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News posted on Tuesday, 21 February 2017

Vintage slowly picking up speed
The grape harvest is about three weeks behind schedule this year due to an extended winter that slowed growth last year. While wineries had been receiving grapes for about two weeks, vintage was a whopping 125,000 tonnes behind this time last year, with only 11,000 tonnes picked so far. Bruno Brombal, Riverina Wine Grapes Marketing Board chairman, said “it’s slow ripening, but excellent.” “What comes out the other end will be very good wine, although with a low dollar and strong export market I thought prices might be higher.”

Yalumba goes on a Grenache crusade
Grenache has been on a slow-burning, upward swing of interest in the last three to five years in Australia, gaining traction among the more savvy restaurants, wine bars and wine merchants around the country. It also coincides with the shift in winemaking that Kevin Glastonbury references — more sensitivity in the expression of each variety and not a one-size-fits-all, bold approach for red wine. This itself, of course, answers a global taste for lighter, fresher yet nevertheless flavoursome wine.

Can you make Coonawarra sexy?
How do you make a wine region sexy? Or does a wine region need to be ‘sexy’ in the first place? That’s a question I’ve been pondering since a recent trip to Coonawarra – the South Australian wine location which, curiously, seems as fashionable as a politician in a pair of Speedos. Of course, what’s in fashion doesn’t always dictate what sells, and much of Coonawarra’s wines seem to move by themselves. Indeed, Coonawarra’s appeal to full-flavoured red wine loving men is unparalleled.

Registrations now open for ‘Aussie wine month’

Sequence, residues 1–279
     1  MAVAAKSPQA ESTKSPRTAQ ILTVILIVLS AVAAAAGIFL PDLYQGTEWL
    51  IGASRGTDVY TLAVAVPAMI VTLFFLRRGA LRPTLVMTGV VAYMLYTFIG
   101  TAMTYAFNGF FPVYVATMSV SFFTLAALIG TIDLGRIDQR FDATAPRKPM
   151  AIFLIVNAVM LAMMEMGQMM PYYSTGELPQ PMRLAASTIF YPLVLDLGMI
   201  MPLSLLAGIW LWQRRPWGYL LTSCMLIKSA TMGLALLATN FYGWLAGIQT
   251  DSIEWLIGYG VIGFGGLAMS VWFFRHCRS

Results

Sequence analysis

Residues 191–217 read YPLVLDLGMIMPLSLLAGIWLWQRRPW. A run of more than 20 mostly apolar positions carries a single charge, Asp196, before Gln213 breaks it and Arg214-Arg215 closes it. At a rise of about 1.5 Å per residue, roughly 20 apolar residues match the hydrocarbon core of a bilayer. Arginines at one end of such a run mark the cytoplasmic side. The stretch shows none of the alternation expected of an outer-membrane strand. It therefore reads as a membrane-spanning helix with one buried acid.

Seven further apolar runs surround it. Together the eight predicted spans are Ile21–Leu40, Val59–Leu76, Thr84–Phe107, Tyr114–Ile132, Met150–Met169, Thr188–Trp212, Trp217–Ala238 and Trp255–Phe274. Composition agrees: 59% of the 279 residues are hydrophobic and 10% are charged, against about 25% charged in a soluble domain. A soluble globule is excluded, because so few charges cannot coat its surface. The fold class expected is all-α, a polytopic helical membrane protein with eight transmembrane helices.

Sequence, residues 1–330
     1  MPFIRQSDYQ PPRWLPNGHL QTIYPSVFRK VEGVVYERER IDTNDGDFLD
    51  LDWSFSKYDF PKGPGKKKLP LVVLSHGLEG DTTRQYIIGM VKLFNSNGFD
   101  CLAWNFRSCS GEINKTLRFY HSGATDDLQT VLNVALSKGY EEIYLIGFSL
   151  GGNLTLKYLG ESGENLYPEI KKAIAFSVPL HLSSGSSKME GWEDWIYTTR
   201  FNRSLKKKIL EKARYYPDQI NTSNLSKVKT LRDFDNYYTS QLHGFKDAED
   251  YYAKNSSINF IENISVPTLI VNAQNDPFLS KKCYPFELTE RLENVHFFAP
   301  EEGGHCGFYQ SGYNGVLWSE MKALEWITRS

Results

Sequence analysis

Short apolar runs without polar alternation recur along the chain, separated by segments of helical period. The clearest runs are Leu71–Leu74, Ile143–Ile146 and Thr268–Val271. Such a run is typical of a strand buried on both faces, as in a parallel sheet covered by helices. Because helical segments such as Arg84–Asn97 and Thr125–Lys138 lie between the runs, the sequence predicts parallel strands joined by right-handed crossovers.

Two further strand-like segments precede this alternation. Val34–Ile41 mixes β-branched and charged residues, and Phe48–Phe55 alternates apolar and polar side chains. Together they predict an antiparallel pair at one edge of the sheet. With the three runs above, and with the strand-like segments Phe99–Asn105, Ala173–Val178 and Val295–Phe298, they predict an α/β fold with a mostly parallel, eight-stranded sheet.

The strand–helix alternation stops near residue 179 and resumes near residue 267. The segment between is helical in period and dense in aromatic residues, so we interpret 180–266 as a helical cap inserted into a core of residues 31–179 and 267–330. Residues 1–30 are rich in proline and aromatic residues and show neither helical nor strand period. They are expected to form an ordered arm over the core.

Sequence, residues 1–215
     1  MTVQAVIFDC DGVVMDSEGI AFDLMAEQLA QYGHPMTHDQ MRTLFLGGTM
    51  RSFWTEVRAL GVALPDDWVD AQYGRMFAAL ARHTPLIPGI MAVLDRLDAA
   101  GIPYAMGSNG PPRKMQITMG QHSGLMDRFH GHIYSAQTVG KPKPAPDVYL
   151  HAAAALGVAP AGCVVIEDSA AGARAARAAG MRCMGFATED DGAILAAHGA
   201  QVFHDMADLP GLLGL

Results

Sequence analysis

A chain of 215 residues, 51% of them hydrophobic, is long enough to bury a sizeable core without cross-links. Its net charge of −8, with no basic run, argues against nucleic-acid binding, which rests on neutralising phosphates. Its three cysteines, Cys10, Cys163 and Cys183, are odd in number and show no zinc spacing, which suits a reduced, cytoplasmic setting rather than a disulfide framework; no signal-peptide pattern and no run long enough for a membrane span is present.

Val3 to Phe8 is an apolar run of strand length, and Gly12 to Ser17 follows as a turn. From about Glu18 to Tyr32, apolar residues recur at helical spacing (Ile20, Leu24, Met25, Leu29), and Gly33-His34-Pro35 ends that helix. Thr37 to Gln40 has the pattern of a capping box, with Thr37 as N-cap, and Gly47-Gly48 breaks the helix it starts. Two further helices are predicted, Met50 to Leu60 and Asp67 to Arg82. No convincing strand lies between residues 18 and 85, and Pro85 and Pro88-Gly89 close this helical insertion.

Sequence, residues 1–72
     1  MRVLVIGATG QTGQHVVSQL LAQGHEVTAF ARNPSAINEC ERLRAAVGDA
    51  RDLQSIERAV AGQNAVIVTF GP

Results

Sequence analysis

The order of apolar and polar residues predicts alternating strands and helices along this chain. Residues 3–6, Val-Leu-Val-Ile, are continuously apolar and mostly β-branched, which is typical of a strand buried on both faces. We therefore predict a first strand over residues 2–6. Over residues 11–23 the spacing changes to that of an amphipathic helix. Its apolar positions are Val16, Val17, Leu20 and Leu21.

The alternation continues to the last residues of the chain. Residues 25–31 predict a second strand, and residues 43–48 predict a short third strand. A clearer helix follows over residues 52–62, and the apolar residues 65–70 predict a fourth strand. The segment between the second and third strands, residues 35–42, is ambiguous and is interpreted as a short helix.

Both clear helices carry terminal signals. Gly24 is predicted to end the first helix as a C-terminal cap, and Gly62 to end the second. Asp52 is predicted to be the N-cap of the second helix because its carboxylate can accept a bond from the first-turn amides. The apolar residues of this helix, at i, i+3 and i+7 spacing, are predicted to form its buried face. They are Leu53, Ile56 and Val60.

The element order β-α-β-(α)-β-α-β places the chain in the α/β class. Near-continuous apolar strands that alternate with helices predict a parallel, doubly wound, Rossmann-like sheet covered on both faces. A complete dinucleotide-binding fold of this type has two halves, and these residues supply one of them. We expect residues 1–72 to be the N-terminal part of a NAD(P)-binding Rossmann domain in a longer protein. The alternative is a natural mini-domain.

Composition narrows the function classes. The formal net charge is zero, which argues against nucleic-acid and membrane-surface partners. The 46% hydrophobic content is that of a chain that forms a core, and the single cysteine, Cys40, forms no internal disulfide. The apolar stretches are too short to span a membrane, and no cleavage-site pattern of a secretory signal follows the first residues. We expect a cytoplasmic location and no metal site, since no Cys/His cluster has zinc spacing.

The biggest celebration of Australian wine, Aussie Wine Month, will return this May to showcase the exceptional quality and diversity of wine produced in our own backyard. Aussie Wine Month gives everyone across the country the chance to learn more and get excited about Australian wine, experience new and legendary Australian wines and discover the stories that make them unique. Registrations are now open for restaurants, bars, cellar doors, retail stores and wine brands to take part in the month long celebration by organising an event or promotion that focuses on Australian wine.

Ambitious ‘Barossa cellar’ project
Conceptual plans for a $4.5 million wine museum to be built on a lush site in Vine Vale were unveiled during a Barons of the Barossa function at the weekend. The ambitious Barossa Cellar project, which would store the region’s most valuable wine collection, has been approved by The Barossa Council with construction hoped to begin later this year. However the project’s success was dependent on the ability to reach an ambitious fundraising target of $3.5 million, after the Barons of Barossa pledged $1 million towards the initiative.

#V17 tip #3
#V17 tip #3: Provide training for all vineyard staff, including contract and casual labour, on hygiene protocols. #Vinehealth

Contractors face Employment Relations Authority
Three vineyard contractors are being taken to the Employment Relations Authority after breaching minimum employment standards. An investigation described as a wake-up-call for the Marlborough wine industry has resulted in a slew of enforcement actions against vineyard contractors. The joint investigation by the Labour Inspectorate, Immigration New Zealand and Inland Revenue involved random visits to 10 independent contractors last July.

Winegrowers report on sustainability